As we prepare for the July 4th holiday and enjoy the fireworks celebrating American independence from Great Britain, it is hard to realize that our country faced a rather treacherous beginning. I thought about that when reading a series of militia brigade orders from the 1790s.
In 1793 militia Brigadier General Elihu Marvin wrote in his message to the 3rd Brigade in Norwich “Since our local situation exposes us to be first called on in case our common country should be invaded, let us at all times be prepared for immediate service.” He also called on his men to be neatly dressed and properly armed at parades and inspections.
Brigadier General Joseph Williams, in his orders of 3 July 1798 made reference to the Quasi-War, an undeclared war with the French republic, fought mostly at sea, when he admonished his men that they needed to be attentive to their duty “at this important crisis” when “our national honor, Independence and sovreign [sic] rights are artfully menaced by a a haughty & dictatorial foreign power.”
Thinking ahead (remember, this was written in July), the General wanted his men prepared for colder weather, when they might be called upon to fight.
As the services of the Militia may be called for in the cold season of the year when linnen [sic] Frocks & overhalls [sic] will not be sufficient to guard the soldiers against the inclemency of the weather – the Captain General anxious for the health & comfort of the Troops & feeling a degree of Military Pride for their manly & soldierly appearance in the field, seriously recommends that the militia be clothed in blue cloth coats faced with red, lined with white and trimmed with white buttons–the under dress to be white with white buttons.
This is why I love my job. Here is documentary proof that the young United States experienced many challenges. This period of our history is often not addressed in the kind of detail I found here in seemingly mundane brigade orders. I will be thinking of the men in their blue cloth coats with red facings and white lining this weekend.
Let’s don’t forget about the fifes and drums, which were an integral part of the military at the time when both Elihu Marvin and Joseph Williams wrote their message and order respectively. Wondering if you found any references to the music when you examined those papers. . .?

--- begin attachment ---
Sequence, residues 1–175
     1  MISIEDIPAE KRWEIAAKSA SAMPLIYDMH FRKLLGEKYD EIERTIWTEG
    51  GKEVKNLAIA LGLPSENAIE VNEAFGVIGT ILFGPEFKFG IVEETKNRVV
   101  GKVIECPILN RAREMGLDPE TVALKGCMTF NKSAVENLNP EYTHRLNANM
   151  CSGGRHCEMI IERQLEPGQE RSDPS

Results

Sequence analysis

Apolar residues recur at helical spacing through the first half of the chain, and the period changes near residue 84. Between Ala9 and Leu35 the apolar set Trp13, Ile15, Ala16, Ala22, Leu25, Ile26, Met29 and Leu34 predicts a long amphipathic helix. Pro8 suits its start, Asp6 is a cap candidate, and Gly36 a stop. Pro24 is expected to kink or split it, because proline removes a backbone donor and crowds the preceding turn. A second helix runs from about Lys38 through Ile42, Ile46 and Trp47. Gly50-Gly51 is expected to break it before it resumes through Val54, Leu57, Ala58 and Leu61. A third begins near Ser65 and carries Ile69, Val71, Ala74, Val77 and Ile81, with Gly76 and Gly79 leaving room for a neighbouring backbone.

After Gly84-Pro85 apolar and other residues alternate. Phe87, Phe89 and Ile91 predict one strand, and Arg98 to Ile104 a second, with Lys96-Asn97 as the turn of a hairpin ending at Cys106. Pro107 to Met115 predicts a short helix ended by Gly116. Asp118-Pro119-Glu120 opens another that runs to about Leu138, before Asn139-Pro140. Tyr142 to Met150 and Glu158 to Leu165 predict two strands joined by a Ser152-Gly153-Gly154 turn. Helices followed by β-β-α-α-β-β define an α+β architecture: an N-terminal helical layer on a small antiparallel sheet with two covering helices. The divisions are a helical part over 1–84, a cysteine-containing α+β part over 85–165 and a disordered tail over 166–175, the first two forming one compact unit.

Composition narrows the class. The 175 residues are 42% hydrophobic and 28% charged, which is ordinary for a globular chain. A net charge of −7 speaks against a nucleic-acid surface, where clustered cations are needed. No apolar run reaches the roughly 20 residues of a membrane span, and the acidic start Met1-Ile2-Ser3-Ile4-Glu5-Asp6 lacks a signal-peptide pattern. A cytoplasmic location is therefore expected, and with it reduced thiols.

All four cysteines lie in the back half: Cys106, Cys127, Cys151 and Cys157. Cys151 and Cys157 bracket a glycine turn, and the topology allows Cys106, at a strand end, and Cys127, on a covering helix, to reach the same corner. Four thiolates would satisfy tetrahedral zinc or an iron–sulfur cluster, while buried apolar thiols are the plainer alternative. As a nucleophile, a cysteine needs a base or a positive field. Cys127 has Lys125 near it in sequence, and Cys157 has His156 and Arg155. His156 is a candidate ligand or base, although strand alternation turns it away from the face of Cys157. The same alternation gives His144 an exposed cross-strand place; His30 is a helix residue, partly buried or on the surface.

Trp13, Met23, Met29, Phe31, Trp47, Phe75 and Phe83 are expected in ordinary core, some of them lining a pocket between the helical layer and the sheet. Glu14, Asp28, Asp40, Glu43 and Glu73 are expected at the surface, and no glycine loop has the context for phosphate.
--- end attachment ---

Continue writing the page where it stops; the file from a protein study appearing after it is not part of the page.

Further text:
Connecticut is indeed fortunate to be the historic (and geographic) home to Ancient fife and drum corps, the progeny of the eighteenth and early nineteenth-century military field music. While each Ancient corps perpetuates the old jigs, quicksteps, and marches in its own special way, a tip of the tricorn is due to the Moodus Drum and Fife Corps, which has over five generations strictly maintained both the music and the performance practice as it was likely done in the early militia days.
I hope you make a special effort to celebrate the Fourth with the music of Connecticut’s Ancients. No better way to spend the holiday!
Unfortunately, none of the orders I looked at mentioned music, although all the muster lists I have ever seen record the fifer(s) and drummer(s). They were indeed integral to any regiment. The orders I refer to in this post are strictly about having the men armed and ready for imminent invasion. I still thrill to the sound of the fife and drum.
Actually, I recall seeing a couple of military music manuscripts some years ago at CT Hist. One is the small book of fife tunes written out by Giles Gibbs, Jr., of Ellington Parish. A lovely and important collection. Another is a series of song-texts written out by a CT soldier, whose name I cannot recall at the moment. Both are fascinating reminders of what “stirred men’s souls” at the time of the Revolution.
Giles Gibb’s book of the fife is a wonderful document. It has been scanned and is now online through Connecticut History Online (cthistoryonline.org). Our music manuscripts are well appreciated by scholars and musicians alike.
That’s incredible! Thanks so much for sharing this awesome document with us! Happy July Fourth!
Heidi in Texas (former CT resident!)
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